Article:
Irish stew purists might want to look away, but this stew does not in any way claim to be a genuine Irish stew. It is just an easy weekend dinner and the cheesy potato cakes are an optional accompaniment. The stew gets its brash purple tinge from the addition of chopped red cabbage and red onions, which also adds depth of flavour. But you can use green cabbage and white or brown onions – the beauty of a stew is that there is usually no need to panic if you haven’t got the exact ingredients. It is a very forgiving dish.
In fact, this is two recipes in the one post. The choice is yours – you can make the stew and the potato cakes to eat together or just make the stew and serve it with mashed potato, Colcannon mash, rice or pasta, whatever you like. Or just make the potato cakes and serve them with a different topping – I try very hard not to be too prescriptive with my recipes. Get creative, try some variations, experiment with different herbs and spices, I won’t be offended. And the stew can be made in advance and warmed through gently on the stove when you’re ready to it – I made mine at about 4pm yesterday afternoon and warmed it through later on so I could eat it while watching Strictly without missing any of the dances!
This is quite a thick stew, thanks to its buttery roux base, so it can also be used as a pretty handy pie filling – I often do this when I make way too much stew or casserole for my husband and I. At Munching Matilda, we cannot stand food waste. Making pastry is, I find, a massive faff so I tend to take the cheat’s option and roll out some store-bought shortcrust pastry, drape it over a pie dish, gently mould it to fit, use a fork to make a pretty crust and poke a few holes in the base. Then I blind bake it for 15 minutes with baking beans (you can use rise or lentils on baking paper to weight the pastry if you haven’t got any baking beans), add the stew as filling and bake again. Sometimes I use leftover pastry to create a lattice on top of the pie. Sometimes I cut cute shapes with the leftover pastry to pop on top. And sometimes I just toss some mashed potato and cheese on top. Again, there are no hard and fast rules here.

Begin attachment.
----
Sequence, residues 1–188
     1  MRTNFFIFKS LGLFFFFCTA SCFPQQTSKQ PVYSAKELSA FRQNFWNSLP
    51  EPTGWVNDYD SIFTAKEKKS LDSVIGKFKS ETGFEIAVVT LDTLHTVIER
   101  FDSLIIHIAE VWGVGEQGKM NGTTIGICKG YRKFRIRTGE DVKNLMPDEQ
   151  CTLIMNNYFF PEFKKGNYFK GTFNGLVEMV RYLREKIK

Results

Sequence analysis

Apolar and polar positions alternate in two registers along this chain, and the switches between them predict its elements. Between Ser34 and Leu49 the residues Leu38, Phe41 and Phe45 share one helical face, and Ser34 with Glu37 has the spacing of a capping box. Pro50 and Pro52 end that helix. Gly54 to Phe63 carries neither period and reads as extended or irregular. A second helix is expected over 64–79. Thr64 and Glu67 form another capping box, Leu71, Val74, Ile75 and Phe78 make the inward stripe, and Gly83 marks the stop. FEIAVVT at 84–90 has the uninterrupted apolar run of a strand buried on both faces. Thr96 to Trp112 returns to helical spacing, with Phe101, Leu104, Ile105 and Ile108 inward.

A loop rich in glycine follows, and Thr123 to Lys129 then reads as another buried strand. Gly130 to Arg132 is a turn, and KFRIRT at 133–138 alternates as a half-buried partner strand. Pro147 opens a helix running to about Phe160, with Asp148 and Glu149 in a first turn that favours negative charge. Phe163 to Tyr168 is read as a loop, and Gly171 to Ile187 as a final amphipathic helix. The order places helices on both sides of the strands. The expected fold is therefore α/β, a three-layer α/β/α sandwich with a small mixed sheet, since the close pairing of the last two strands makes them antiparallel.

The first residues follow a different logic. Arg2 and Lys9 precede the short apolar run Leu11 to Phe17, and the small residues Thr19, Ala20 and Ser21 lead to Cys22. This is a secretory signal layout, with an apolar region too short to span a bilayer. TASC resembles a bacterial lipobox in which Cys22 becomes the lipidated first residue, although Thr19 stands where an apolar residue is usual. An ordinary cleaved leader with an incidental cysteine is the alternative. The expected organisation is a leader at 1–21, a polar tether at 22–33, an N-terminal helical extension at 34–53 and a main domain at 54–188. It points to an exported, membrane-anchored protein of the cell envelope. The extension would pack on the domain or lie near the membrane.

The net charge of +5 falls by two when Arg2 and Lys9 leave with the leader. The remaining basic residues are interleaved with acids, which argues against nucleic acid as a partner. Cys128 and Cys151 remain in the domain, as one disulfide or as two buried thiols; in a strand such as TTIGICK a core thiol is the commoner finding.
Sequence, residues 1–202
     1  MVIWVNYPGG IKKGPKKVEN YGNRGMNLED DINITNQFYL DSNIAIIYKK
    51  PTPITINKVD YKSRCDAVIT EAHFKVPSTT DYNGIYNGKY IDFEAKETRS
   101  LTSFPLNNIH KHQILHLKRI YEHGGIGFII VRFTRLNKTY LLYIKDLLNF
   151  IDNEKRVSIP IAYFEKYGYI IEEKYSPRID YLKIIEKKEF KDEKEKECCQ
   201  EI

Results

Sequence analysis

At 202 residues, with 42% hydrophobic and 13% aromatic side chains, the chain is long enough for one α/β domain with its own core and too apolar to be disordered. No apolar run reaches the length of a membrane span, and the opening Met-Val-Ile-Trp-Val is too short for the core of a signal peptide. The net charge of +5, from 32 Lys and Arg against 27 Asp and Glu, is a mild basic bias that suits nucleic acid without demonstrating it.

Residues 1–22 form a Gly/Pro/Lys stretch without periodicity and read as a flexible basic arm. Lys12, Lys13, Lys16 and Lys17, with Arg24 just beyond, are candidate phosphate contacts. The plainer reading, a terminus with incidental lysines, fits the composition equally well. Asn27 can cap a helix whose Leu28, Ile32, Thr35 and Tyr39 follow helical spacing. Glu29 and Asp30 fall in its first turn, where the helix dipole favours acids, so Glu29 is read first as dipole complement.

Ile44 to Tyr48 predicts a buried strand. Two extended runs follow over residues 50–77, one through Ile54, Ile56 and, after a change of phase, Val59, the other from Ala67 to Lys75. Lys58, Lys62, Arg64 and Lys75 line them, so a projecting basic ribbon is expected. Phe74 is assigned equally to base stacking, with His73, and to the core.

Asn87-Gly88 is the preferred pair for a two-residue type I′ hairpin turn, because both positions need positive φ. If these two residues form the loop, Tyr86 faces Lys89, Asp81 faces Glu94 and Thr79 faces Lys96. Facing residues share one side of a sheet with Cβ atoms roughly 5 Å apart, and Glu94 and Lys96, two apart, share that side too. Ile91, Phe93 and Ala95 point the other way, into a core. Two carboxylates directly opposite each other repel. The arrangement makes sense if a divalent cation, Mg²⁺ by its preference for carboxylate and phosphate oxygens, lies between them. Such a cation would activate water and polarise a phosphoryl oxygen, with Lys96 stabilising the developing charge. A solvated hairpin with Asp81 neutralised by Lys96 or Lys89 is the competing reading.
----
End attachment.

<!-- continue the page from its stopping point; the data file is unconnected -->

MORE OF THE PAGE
With the potato cakes, I made the mash from scratch last night with 500g of potatoes, sour cream and an egg. Then I chucked in the grated cheese and breadcrumbs to give the cakes some solidity. But feel free to mix this up too – there are all sorts of ingredients you can use to mash potatoes. If you don’t fancy using sour cream, alternatives include butter, milk, single cream, double cream, creme fraiche, cream cheese spread… You can also season the mash with pretty much any herb or spice that takes your fancy. Like a stew, you can mix it up really easily with mashed potato for equally great results. The potato cakes can also be a great way to use up leftover mashed potato.
When I tweeted a picture of the potato cakes merrily baking in the oven last night, an American follower let me know that they usually fry potato cakes in the US. I must admit that I am not a massive fryer of food, beyond sauteeing onions, garlic or bacon. These potato cakes would probably work just as well if they were cooked in a frying pan with a little oil. For me, baking in the oven is a personal preference – even with my Terrible Oven, I was able to get a nice crusty exterior with a soft, fluffy middle minus the excess oil. But if anyone wants to give these a go in the frying pan, please be my guest and make sure you share some pictures with us at @MunchingMatilda.